Photo by Thinkstock

Photo by Thinkstock

Consumers More Interested in Antibiotic-Free Meat

Shoppers show interest in antibiotic-free meat products

Conventional supermarkets’ meat departments now typically have at least a limited selection of antibiotic-free meat products, a category that some natural food stores offer exclusively.

Jewel-Osco stores can opt to carry antibiotic-free ground beef, bison and grass-fed meat, said Karen May, external communications manager, who noted shoppers can also special order antibiotic-free products.

“We recently added both High Plains Bison and Strauss Grass Fed Beef because we noticed some increase in demand for these types of products as well as being antibiotic-free meats.”

In a study released last summer, the advocacy group Consumers Union found that 11 out of 13 big chains had antibiotic-free poultry or meat private-label products, including Ahold [2], Costco [3], Delhaize [4], A&P [5], H-E-B, Kroger [6], Safeway [7], Supervalu [8], Publix [9], Trader Joe’s and Whole Foods [10]. Meijer [11] and Wal-Mart [12]’s store brands weren’t antibiotic-free, but the chains offered other suppliers’ antibiotic-free products.

While retailers see steady shopper interest in this category, they haven’t reported booming sales.

“I think it’s becoming more of an issue, it’s still not a huge issue. But I think there are more people looking at it [the antibiotic-free] than five years ago,” said Kelly Mortensen, meat director for Associated Food Stores [13], Salt Lake City.

Creekstone Natural Beef, an antibiotic-free and steroid-free product, has been available at Associated Food Stores’ locations for five years now, Mortensen said.

“We brought the category on mainly because it performed really well. It really picked up nice, and of course it had those attributes [of no antibiotics or steroids], and I’m not saying the category has grown a lot, but it seems like there’s more interest.”

Read more: Ptacek’s Grilling Beats the Cold, Warms Up Sales [14]

May agreed about the category’s performance. “We have seen some customer interest in antibiotic-free meat, but the demand has not been particularly high.”

On the pork side, Jarrod Sutton, assistant vice president of channel marketing for the National Pork Board, has not seen growth in antibiotic-free offerings in the FreshLook Marketing retail scanner data.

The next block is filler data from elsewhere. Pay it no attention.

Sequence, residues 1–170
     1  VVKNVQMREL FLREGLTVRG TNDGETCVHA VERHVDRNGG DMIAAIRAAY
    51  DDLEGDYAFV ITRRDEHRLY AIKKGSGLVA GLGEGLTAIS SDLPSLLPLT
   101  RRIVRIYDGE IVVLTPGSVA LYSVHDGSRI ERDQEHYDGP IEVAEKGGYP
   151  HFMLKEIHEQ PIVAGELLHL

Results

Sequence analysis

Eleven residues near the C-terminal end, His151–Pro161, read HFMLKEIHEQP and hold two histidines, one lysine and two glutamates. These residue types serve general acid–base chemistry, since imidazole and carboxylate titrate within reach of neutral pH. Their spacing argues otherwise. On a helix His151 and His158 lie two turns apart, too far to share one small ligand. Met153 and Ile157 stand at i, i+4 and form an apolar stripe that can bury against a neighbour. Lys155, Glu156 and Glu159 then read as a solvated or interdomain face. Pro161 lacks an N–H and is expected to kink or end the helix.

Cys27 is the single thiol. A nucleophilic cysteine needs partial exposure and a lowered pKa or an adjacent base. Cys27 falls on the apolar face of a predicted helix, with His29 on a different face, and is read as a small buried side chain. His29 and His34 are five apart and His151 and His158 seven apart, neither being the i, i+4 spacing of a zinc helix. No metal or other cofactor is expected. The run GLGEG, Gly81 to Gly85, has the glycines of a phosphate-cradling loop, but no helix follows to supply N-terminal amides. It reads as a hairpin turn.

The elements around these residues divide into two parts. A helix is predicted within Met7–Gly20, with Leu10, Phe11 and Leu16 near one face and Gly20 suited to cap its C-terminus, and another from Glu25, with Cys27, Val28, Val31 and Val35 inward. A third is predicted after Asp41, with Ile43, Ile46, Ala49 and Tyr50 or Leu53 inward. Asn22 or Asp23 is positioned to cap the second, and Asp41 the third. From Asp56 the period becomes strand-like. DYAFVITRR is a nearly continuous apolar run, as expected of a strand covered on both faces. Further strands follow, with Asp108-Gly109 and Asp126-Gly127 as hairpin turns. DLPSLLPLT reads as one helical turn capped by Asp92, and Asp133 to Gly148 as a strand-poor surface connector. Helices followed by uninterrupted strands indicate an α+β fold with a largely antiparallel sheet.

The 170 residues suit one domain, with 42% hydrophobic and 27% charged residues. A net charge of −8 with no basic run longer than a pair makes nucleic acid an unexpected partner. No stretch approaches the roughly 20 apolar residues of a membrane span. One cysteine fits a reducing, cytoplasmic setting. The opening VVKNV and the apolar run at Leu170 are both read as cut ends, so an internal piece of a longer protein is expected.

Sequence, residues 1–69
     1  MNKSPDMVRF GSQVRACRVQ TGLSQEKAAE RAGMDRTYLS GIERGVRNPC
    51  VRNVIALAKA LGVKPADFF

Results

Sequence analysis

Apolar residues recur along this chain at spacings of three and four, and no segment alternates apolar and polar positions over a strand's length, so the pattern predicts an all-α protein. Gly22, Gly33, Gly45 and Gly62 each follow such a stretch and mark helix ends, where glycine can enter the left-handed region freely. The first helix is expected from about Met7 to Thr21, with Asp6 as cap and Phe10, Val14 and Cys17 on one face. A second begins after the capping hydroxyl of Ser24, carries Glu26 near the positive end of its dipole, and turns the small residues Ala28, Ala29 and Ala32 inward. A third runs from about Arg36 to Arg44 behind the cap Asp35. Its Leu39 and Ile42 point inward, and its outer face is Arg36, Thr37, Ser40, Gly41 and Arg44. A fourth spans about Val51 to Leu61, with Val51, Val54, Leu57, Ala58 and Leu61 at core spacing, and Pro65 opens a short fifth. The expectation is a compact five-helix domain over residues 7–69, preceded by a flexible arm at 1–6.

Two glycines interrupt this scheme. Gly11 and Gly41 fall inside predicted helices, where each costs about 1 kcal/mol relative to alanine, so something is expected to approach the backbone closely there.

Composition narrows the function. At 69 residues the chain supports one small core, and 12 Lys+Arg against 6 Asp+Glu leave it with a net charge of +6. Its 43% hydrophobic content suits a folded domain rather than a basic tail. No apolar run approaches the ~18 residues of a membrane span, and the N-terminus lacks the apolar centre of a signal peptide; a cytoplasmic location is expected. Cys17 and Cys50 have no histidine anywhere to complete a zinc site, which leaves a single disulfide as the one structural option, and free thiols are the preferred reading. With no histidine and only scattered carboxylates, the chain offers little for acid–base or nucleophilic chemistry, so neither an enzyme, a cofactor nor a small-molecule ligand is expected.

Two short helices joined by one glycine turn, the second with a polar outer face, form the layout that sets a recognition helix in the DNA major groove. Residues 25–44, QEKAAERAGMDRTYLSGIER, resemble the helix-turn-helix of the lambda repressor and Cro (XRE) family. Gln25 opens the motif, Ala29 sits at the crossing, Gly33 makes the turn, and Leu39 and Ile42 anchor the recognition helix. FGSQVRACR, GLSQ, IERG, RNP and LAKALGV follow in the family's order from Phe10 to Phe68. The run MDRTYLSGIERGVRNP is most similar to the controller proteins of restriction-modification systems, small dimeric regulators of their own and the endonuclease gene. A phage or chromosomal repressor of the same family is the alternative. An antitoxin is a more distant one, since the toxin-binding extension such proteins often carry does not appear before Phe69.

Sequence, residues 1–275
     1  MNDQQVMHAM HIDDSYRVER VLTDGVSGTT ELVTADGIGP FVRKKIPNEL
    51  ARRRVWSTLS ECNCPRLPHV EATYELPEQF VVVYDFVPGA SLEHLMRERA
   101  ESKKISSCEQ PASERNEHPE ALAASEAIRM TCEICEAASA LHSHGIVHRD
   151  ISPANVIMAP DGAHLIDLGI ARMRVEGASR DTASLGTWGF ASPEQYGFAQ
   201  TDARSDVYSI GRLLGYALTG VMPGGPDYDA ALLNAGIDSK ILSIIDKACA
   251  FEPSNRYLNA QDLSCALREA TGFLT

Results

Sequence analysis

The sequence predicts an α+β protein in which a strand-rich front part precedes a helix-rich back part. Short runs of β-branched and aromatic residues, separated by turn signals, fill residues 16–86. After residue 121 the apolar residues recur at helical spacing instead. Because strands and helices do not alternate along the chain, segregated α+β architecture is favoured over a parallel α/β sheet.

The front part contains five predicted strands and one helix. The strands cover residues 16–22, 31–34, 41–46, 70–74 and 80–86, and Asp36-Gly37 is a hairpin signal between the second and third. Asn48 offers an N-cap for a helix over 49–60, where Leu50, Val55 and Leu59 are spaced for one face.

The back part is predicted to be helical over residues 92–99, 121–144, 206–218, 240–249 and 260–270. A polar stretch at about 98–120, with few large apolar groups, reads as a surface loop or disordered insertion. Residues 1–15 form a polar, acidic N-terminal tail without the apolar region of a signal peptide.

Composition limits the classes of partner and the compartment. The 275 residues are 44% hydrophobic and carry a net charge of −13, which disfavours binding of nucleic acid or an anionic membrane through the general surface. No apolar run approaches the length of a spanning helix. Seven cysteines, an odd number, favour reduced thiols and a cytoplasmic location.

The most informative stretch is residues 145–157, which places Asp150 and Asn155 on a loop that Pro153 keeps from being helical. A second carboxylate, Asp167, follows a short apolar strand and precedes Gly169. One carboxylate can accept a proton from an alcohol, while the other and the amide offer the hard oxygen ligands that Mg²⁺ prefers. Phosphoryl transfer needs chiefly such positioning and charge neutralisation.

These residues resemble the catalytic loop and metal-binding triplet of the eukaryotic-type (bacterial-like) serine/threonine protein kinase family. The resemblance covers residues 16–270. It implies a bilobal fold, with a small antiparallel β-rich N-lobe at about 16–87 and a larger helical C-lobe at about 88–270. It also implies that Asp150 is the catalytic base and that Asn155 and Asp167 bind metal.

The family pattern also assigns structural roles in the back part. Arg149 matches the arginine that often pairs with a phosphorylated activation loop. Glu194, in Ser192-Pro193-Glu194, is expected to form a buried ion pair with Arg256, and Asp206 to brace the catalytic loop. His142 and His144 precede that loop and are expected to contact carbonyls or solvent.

Recent research shows that shoppers may not be aware of the meat products available at their store.

In a Midan Marketing survey, 55% of shoppers didn’t know if their store had meat that was raised with hormones or antibiotics, said Danette Amstein, principal.

After hearing about antibiotics and growth hormones used in livestock, 44% of consumers surveyed didn’t change their behavior and 20% reported switching to a natural or organic pork or beef brand.

Amstein said Midan can’t be sure that other factors didn’t also convince shoppers to switch their purchasing habits.

In the Midan study, 72% of respondents said they were interested in purchasing antibiotic- and hormone-free meat. And, as previously reported by SN, 86% respondents to a Consumer Reports survey said they should be allowed to buy meat raised without antibiotics or growth hormones, and 60% said they’d be willing to pay 5 cents more a pound.

While Consumer Reports found that some prices for antibiotic-free items can be comparable to or even lower than conventional meat, the price range varied.

The National Pork Board’s Sutton said antibiotic-free meat is expensive to raise and many consumers can’t afford it.

Awareness of Antibiotics

Awareness of the issue of antibiotics and growth hormones is high, with 79% of Midan respondents having heard of antibiotics’ use in meat production and 85% having heard about growth hormones. Forty-one percent of respondents said they were concerned about negative effects of antibiotics and 42% about the effects of growth hormones.

“I think that for retailers in particular that’s a matter of making sure they’re a conduit of information from the supplier to the consumer. All too often consumers as we learned in the Meat Matters research have a deeply embedded perception of something that is not factual,” said Amstein.